*Abu Hurayrah reported that the Prophet صلى الله عليه وسلم was asked, “Who are the most honorable of the people?” The Prophet صلى الله عليه وسلم said, “The most honorable of them in God’s sight are those who protect themselves from His chastisement. They said, “We’re not asking you concerning that,” to which he said, “Then the most honorable of the people is Joseph, God’s prophet, the son of God’s prophet, the son of God’s prophet, the son of God’s friend (khalil, Abraham).” They said, “We do not ask you about that either.” The Prophet said, “Do you ask about the virtues of the Arabs?” They said, “Yes.” He said, “Those who were the best amongst you in the pre-lslamic time are the best amongst you in Islam, if they comprehend.

قَالَ سُئِلَ رَسُولُ اللَّهِ صلى الله عليه وسلم أَىُّ النَّاسِ أَكْرَمُ قَالَ ‏”‏ أَكْرَمُهُمْ عِنْدَ اللَّهِ أَتْقَاهُمْ ‏”‏‏.‏ قَالُوا لَيْسَ عَنْ هَذَا نَسْأَلُكَ‏.‏ قَالَ ‏”‏ فَأَكْرَمُ النَّاسِ يُوسُفُ نَبِيُّ اللَّهِ ابْنُ نَبِيِّ اللَّهِ ابْنِ نَبِيِّ اللَّهِ ابْنِ خَلِيلِ اللَّهِ ‏”‏‏.‏ قَالُوا لَيْسَ عَنْ هَذَا نَسْأَلُكَ‏.‏ قَالَ ‏”‏ فَعَنْ مَعَادِنِ الْعَرَبِ تَسْأَلُونِي ‏”‏‏.‏ قَالُوا نَعَمْ‏.‏ قَالَ ‏”‏ فَخِيَارُكُمْ فِي الْجَاهِلِيَّةِ خِيَارُكُمْ فِي الإِسْلاَمِ إِذَا فَقِهُوا ‏”‏‏.‏ تَابَعَهُ أَبُو أُسَامَةَ عَنْ عُبَيْدِ اللَّهِ‏.‏

Islam: Questions and Answers

I am re-posting this from a letter my wife wrote about the 20/20 incident.

After lengthy discussion about ABC’s recent 20/20 program on an email listserv for Middle East and Islamic Studies, Maytha Alhassan invited members to compose a letter to the producers. We have workshopped the letter with someone in the media and incorporated suggestions from readers. If you are interested in signing, please send your name, title, and affiliation.

ABC’s 20/20

Islam: Questions and Answers

We applaud ABC’s 20/20 for producing the show “Islam: Questions and Answers” program, which attempted to address the American public’s curiosity about Islam and show the true face of Islam in America. However, as scholars, activists, educators, and community leaders, we are concerned about the ways in which this program misrepresented Muslim Americans.  We would like to address three major areas where your program inaccurately depicted Islam in America: first, by continually asserting that moderate Muslims do not speak up; second, by overlooking the contributions of African American Muslims;  and finally, allowing women who have complete antipathy towards Islam (Pamela Gellar and Ayaan Hirsi) to speak for Muslim women. The producers and researchers may have been well meaning, however the program’s insensitivity and lack of nuance  alienated many American Muslims and perpetuated many misconceptions about American Muslims. Our aim is to address these three areas and provide some recommendations for more accurate coverage of American Muslims in the future.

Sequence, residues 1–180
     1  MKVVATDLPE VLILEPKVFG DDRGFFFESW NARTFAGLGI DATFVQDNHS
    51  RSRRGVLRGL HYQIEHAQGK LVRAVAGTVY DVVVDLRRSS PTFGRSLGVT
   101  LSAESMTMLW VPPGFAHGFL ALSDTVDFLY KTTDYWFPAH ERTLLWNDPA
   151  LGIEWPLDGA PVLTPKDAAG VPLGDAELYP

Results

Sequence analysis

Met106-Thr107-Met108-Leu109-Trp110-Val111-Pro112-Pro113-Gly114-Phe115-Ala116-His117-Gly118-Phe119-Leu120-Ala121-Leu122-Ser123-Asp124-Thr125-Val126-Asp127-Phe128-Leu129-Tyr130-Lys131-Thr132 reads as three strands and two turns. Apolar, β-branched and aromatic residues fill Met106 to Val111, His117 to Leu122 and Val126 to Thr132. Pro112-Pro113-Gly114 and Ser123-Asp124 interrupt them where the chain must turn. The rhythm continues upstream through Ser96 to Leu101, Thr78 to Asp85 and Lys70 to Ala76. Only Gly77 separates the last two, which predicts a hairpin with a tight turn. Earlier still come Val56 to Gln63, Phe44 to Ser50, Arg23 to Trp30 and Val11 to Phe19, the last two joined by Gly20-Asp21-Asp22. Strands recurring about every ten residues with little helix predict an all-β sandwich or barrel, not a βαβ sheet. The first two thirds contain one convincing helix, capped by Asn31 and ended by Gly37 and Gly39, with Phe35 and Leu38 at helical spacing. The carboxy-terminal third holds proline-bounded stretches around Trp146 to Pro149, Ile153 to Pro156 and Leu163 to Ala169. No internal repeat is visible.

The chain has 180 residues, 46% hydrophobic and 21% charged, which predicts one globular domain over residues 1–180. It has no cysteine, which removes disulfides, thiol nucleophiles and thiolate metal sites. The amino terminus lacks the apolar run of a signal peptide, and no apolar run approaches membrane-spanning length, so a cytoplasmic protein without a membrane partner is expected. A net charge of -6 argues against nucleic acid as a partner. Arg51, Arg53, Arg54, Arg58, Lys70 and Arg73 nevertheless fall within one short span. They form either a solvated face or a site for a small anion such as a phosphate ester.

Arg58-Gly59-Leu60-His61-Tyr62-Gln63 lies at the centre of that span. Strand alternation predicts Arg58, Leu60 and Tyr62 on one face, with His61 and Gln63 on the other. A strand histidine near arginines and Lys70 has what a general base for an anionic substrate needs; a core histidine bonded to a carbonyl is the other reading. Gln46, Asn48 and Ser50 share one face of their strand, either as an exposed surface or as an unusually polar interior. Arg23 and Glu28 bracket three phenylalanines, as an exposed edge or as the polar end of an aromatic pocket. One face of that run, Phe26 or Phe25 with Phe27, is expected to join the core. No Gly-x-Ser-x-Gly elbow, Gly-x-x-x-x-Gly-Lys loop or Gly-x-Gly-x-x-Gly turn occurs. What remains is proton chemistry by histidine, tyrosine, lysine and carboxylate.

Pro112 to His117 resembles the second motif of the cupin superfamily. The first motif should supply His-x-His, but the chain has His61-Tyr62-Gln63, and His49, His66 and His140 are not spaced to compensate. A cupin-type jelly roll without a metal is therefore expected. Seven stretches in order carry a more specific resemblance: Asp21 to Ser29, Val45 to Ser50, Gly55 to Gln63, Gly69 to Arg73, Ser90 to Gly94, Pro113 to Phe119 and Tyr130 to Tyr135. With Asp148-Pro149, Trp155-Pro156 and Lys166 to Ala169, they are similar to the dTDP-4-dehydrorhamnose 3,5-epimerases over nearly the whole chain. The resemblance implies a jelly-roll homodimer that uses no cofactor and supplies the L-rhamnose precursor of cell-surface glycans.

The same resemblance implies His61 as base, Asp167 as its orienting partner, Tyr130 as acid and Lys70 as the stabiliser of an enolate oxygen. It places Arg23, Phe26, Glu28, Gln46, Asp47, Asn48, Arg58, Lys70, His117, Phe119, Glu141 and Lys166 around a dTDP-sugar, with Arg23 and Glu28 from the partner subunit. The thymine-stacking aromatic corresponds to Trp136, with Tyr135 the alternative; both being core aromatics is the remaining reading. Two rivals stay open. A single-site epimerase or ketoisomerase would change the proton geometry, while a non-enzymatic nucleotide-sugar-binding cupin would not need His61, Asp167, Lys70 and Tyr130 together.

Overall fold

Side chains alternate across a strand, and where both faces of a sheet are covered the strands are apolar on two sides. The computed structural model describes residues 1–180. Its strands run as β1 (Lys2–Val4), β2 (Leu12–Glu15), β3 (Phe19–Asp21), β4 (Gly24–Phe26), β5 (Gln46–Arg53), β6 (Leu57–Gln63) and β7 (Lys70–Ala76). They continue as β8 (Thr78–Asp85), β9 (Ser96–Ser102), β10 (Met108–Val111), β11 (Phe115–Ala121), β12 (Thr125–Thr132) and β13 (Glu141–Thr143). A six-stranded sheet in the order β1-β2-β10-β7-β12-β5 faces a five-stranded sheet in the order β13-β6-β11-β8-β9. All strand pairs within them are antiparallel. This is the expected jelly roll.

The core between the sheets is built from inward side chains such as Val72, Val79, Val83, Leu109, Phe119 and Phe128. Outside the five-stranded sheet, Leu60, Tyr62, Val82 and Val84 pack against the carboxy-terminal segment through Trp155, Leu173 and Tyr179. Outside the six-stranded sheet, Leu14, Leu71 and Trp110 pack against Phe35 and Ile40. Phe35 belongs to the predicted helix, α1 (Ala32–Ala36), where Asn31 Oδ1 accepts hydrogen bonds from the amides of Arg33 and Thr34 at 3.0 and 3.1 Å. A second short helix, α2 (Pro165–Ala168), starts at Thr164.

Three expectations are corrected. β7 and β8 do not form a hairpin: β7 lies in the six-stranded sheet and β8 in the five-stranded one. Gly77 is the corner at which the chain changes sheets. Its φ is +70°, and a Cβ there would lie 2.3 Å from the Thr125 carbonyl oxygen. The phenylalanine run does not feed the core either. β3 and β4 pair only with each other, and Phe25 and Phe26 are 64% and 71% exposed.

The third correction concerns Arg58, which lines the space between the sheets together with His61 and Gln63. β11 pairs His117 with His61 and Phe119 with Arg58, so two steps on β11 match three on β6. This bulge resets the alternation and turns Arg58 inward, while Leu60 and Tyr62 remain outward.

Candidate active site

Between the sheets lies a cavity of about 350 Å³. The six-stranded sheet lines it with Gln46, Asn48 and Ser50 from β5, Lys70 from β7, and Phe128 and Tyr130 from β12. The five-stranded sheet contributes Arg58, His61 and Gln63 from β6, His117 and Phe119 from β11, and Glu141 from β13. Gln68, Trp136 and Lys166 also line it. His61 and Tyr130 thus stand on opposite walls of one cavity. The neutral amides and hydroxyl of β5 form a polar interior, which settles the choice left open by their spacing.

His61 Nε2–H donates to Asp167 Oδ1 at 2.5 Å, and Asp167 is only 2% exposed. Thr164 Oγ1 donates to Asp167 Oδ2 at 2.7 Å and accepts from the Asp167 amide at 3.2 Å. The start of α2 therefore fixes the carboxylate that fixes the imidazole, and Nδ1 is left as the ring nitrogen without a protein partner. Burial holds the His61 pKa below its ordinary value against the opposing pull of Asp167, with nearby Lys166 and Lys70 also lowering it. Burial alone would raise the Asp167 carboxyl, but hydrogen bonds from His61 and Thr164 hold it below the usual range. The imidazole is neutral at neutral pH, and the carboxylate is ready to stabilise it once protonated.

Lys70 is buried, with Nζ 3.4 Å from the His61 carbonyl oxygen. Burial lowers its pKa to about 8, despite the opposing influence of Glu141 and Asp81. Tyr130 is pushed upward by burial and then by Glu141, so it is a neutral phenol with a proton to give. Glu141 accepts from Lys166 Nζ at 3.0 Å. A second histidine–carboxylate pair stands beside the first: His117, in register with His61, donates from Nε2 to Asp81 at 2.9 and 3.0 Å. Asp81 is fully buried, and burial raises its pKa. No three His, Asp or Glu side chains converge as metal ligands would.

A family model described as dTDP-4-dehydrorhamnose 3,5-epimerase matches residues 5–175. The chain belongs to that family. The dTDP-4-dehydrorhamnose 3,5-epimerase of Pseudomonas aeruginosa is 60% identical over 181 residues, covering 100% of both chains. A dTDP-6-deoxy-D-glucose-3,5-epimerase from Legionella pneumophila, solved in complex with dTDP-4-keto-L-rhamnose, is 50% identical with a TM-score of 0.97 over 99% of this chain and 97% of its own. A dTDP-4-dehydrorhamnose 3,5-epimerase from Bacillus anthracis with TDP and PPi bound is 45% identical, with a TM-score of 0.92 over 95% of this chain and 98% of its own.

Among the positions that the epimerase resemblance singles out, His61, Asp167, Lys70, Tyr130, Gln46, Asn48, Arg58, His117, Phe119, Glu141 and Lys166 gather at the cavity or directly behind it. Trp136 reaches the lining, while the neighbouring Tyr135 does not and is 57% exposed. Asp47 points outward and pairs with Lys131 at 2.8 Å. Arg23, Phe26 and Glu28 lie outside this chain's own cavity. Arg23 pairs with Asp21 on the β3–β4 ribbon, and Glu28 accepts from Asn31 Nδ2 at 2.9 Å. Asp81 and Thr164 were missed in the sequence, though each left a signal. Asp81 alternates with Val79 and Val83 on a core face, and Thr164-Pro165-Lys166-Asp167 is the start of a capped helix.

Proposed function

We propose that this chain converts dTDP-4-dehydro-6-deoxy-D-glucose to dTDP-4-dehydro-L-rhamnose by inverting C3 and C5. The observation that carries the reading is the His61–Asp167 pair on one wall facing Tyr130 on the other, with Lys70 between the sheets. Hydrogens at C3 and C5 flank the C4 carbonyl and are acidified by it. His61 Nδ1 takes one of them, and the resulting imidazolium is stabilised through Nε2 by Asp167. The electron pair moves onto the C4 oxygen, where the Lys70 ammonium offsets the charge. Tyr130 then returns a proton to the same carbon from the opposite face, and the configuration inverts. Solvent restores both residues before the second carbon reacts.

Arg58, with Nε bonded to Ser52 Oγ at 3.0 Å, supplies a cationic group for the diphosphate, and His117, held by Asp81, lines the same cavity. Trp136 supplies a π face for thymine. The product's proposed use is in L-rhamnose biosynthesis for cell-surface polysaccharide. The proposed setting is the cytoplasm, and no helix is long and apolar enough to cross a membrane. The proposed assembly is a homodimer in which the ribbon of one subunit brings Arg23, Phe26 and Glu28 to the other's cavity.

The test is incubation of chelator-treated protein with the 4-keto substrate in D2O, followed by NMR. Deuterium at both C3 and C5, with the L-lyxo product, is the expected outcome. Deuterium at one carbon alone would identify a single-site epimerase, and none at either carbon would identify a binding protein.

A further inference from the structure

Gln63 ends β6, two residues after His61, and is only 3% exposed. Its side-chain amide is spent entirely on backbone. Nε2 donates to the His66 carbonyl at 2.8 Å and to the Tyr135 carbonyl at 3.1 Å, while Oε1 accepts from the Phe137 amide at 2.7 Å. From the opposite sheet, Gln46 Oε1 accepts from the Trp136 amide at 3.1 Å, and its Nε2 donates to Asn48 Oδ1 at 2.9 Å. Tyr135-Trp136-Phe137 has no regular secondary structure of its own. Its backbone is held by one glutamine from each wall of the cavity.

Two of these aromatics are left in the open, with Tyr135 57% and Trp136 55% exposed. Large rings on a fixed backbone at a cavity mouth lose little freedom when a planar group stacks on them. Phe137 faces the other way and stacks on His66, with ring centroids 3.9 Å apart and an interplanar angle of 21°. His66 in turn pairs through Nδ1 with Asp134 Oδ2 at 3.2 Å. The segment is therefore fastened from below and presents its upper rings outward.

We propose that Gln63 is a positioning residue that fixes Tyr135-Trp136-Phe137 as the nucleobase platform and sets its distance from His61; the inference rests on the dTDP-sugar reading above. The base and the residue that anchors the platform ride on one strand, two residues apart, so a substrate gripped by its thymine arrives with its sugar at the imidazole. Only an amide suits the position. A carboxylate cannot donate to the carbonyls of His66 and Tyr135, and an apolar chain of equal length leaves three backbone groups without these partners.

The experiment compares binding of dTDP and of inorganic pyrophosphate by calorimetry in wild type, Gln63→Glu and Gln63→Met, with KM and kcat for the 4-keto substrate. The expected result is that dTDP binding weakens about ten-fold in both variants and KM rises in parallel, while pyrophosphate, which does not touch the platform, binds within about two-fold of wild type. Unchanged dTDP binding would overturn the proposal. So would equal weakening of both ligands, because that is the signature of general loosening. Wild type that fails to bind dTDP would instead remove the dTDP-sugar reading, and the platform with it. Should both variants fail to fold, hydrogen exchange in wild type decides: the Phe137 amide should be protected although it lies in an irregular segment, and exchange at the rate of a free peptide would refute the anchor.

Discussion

1. First, the show continually asked, “Why don’t we hear or see more mainstream, peaceful Muslims speaking up?” or “Where are the moderate voices?”
    • It is problematic to divide Muslims into binary categories of “moderate” and “radical.” Would the same categorical statement be made about the socio-political orientation of followers of different religious faiths and other ethnic groups? How would the mainstream reaction to your program be had you produced a segment titled “Where are all the moderate Christians?,” “Where are all the moderate Latino Americans?” The framing of these questions and methodology of answering these questions highlights an acceptability of a bigoted stance on Muslims that is rarely acknowledged.
    • Muslim Americans are constantly blamed for not speaking up, however the media bears some responsibility. Moderate Muslims continually speak out and do positive things for American society, but this does not make it in the news. And there American Muslim scholars and leaders who hold conferences, talks, lectures devoted to the topic of “Forging an American Muslim identity.” Zaytuna Institute scholars Hamza Yusuf and Imam Zaid Shakir, Islamic Center of New York University Imam Khalid Latif and professor Dr. Sherman Jackson are but a few of the many American born intellectuals and community leaders who do speak out.
    • Where is the media when peaceful Muslims gather, participate in the American political process, protest terrorism, violence, and hatred?
    • At one point, an expert posits a recommendation “They need to have a million man march on Washington,” while conveniently ignoring that the Million Man March was actually led by a Muslim man, Louis Farakhan.
    • On September 25, 2009, Islam on Capitol Hill gathered an estimated 8,000 to prayer Friday prayers. And on October 15, 2010 thousands of Muslims once again convened on Capitol Hill to demonstrate their belief in American democracy and promote religious freedom, however, there were few media outlets at the DC event.